This past weekend, field hockey fell 2-0 to fourth-seed Middlebury (7-3, 13-3 NESCAC) in the NESCAC quarterfinals, making it the first time the Polar Bears have lost in the first round of the NESCAC playoffs since 2004. In the wake of last year’s undefeated regular season and NESCAC championship win, the early exit is surprising. 

The fifth-seeded Polar Bears end the season at 11-5 and are no longer practicing. While an at-large bid for the NCAA tournament is still a possibility, it’s unlikely considering they aren’t ranked in the top five of the New England West region. 

“Although the team had aspirations to go deeper into postseason play, the growth of individual players and the improvements we saw as a team since August was impressive,” said Head Coach Nicky Pearson in an email to the Orient. “The captains were terrific in the way they helped transition eight first years into the program and lead the team to some stunning victories along the way.”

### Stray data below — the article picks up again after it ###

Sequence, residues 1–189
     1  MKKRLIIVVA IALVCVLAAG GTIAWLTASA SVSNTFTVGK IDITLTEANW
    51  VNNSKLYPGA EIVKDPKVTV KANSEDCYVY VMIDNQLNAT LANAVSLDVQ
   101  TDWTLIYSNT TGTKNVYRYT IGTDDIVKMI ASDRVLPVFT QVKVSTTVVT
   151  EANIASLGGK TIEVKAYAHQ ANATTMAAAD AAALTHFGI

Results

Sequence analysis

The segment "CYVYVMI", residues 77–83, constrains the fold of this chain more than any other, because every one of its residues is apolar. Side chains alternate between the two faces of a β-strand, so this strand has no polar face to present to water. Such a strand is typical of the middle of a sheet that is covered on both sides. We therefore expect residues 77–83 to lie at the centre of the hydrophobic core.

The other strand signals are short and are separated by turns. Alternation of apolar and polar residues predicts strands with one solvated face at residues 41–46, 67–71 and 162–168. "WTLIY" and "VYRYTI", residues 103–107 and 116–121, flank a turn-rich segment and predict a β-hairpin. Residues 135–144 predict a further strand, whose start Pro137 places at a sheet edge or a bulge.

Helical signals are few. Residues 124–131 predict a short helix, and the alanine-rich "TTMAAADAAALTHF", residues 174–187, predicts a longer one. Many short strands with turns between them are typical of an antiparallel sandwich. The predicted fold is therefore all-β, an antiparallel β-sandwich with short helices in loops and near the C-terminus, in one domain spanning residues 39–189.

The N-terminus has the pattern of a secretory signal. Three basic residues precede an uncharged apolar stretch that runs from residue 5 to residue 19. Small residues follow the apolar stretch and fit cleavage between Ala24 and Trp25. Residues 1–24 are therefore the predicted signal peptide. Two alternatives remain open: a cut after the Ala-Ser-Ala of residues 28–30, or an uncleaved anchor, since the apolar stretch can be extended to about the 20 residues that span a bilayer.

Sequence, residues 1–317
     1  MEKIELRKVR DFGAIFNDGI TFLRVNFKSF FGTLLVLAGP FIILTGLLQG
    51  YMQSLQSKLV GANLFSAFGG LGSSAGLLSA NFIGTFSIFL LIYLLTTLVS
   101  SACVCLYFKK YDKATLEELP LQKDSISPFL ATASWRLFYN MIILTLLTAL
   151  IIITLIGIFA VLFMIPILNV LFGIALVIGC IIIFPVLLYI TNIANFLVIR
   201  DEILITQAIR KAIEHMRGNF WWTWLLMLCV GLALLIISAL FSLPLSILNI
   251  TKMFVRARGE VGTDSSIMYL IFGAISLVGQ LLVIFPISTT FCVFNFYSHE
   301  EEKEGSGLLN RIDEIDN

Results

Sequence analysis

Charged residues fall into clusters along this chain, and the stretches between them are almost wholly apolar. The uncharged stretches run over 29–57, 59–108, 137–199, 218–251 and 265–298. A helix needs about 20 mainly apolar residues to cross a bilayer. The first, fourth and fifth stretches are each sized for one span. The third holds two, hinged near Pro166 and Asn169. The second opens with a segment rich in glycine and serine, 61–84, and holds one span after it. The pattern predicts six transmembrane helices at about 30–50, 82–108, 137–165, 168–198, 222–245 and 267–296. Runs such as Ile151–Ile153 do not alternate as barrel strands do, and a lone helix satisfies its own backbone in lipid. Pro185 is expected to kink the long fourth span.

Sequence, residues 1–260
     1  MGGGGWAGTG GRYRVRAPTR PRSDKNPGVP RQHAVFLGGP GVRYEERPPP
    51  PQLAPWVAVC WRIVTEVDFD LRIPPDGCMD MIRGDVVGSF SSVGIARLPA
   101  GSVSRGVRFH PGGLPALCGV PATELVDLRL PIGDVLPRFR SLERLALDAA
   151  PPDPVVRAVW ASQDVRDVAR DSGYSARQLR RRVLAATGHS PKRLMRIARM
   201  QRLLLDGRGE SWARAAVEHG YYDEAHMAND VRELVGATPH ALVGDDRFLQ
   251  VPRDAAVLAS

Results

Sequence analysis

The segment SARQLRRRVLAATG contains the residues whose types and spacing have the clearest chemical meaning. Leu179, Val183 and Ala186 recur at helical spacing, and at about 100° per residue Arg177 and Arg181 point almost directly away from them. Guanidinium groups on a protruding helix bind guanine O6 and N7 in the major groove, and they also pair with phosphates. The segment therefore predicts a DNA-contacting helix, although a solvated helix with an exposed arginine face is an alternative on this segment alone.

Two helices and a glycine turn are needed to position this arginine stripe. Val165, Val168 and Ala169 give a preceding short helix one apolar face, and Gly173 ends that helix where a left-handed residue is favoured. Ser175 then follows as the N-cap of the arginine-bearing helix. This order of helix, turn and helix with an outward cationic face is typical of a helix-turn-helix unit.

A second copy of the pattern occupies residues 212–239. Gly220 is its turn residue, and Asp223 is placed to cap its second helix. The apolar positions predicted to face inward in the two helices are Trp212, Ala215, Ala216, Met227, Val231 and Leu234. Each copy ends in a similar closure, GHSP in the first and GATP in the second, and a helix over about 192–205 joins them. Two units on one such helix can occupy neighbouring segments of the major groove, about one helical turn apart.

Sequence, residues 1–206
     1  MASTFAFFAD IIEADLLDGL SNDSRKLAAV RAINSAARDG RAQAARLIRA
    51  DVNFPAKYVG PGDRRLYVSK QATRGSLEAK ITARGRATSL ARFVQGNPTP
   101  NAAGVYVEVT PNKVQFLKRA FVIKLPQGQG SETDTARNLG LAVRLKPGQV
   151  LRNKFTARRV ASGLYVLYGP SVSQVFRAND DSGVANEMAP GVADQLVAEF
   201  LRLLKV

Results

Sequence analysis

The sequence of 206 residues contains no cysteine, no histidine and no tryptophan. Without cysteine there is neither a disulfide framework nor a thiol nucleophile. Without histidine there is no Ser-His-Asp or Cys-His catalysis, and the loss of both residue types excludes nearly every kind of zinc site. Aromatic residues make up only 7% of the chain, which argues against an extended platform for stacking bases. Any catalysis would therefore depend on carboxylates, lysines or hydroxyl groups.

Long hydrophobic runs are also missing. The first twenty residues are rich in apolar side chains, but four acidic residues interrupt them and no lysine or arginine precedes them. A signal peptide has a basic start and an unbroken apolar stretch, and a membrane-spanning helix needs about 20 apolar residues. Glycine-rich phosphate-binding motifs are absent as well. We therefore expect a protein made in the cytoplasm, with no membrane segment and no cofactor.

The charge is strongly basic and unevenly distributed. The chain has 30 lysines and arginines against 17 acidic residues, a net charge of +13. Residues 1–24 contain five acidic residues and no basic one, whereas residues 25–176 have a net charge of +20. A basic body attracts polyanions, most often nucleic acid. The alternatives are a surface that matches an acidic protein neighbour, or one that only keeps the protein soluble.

Middlebury is a familiar foe for Bowdoin. The teams have faced off in the NESCAC championship for the last five years as well as last year’s NCAA Division III championship. When the teams played each other in late September at Bowdoin, the Polar Bears narrowly lost 3-2. 

Last weekend, the Panthers opened the game strong, scoring their first goal a little over 10 minutes into the first half. While Bowdoin looked to clear the ball out of its defensive end, in the 25th minute the Panthers scored again, giving them a 2-0 lead. 

Kimmy Ganong ’17 had what seemed to be a promising scoring opportunity in the first 10 minutes of the second half, but the Middlebury goalkeeper blocked both of Ganong’s shots. In the 55th minute, Elizabeth Bennewitz ’19 scored off of a penalty corner, but the goal was called back after the officials ruled that it hit a defender’s stick. 

Even though their record doesn’t reflect their dominance, the team ranks second in the league in goals against average, and Bennewitz currently leads the league in assists per game with .62. 

“Although the season ended earlier than recent years, our team dominated with regards to possession and achieved noticeable improvements in our team defense,” captain Emily McColgan ’17 said in an email to the Orient. “These successes along with the friendships and memories experienced off of the field made for an overall rewarding season.”